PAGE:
A divinity student, he joined John Gooch Robberds, the minister of the Unitarian Chapel in Manchester, in August 1828. Gaskell met Elizabeth Stevenson, the daughter of John Stevenson, a former Unitarian minister. The couple had similar ideas on religion and social reform and were married on 30th August, 1832.
Most of William Gaskell's parishioners were textile workers and Elizabeth was deeply shocked by the poverty she witnessed in Manchester. Later, Elizabeth wrote a novel, Mary Barton: A Tale of Manchester Life that attempted to illustrate the problems faced by people living in industrial towns and cities. As a result of this book and other novels such as Cranford and North and South, Elizabeth Gaskell became one of Britain's most popular novelists.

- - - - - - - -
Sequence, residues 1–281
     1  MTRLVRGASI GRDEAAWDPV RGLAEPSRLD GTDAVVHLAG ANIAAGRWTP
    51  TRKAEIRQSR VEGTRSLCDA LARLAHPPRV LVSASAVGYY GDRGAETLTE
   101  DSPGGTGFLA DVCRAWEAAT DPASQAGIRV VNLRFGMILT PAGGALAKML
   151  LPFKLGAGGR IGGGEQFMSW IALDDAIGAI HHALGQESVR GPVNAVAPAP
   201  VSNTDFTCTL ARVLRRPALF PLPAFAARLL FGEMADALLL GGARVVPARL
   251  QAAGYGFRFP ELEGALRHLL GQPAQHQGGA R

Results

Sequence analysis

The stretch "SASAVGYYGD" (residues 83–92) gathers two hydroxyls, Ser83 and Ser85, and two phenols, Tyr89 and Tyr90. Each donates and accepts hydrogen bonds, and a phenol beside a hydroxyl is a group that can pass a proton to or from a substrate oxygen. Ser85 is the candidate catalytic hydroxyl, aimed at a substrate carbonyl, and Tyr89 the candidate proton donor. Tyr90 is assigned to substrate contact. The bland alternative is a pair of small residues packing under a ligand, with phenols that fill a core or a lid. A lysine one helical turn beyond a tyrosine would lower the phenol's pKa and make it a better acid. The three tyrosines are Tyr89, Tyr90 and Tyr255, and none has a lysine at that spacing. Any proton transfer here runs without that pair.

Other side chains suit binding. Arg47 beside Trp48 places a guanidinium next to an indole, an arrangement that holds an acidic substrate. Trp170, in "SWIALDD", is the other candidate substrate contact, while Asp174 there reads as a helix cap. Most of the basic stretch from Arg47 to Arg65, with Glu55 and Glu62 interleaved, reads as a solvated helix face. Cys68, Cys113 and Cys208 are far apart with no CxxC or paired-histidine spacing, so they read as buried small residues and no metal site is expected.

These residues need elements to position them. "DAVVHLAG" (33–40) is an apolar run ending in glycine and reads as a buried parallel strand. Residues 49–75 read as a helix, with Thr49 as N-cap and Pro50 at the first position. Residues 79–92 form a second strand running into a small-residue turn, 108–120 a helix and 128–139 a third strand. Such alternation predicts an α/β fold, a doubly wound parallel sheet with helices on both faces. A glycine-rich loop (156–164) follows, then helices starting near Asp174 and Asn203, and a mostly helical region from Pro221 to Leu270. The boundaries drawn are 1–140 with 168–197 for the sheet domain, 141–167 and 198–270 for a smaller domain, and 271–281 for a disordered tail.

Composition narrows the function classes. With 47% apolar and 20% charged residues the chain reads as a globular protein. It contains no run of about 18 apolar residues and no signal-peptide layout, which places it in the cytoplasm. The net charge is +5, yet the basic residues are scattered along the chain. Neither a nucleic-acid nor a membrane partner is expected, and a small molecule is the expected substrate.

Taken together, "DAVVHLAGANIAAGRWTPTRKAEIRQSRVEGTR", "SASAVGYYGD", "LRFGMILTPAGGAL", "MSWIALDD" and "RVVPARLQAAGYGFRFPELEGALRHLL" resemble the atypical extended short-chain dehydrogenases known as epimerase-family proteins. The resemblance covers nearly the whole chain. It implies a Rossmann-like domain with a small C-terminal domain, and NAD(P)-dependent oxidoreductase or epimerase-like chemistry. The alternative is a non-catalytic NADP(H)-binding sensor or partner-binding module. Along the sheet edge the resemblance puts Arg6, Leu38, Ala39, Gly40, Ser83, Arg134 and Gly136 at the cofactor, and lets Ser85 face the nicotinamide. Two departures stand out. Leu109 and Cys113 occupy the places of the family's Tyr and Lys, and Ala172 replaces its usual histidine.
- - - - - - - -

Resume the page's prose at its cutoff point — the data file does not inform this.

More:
William Gaskell had a tremendous influence on the people of Manchester. An outstanding lecturer, he was appointed professor of English history and literature at Manchester New College in 1846. He was also responsible for establishing evening classes at Owens College and from 1858 taught at the Working Man's College in Manchester. From 1861 to 1875 Gaskell was also editor of the Unitarian Herald.
Gaskell was a preacher for the British and Foreign Unitarian Association and in 1876 became principal of the Unitarian Missionary Board. Gaskell also wrote several pamphlets and hymns. William Gaskell died in Manchester on 11th June, 1884.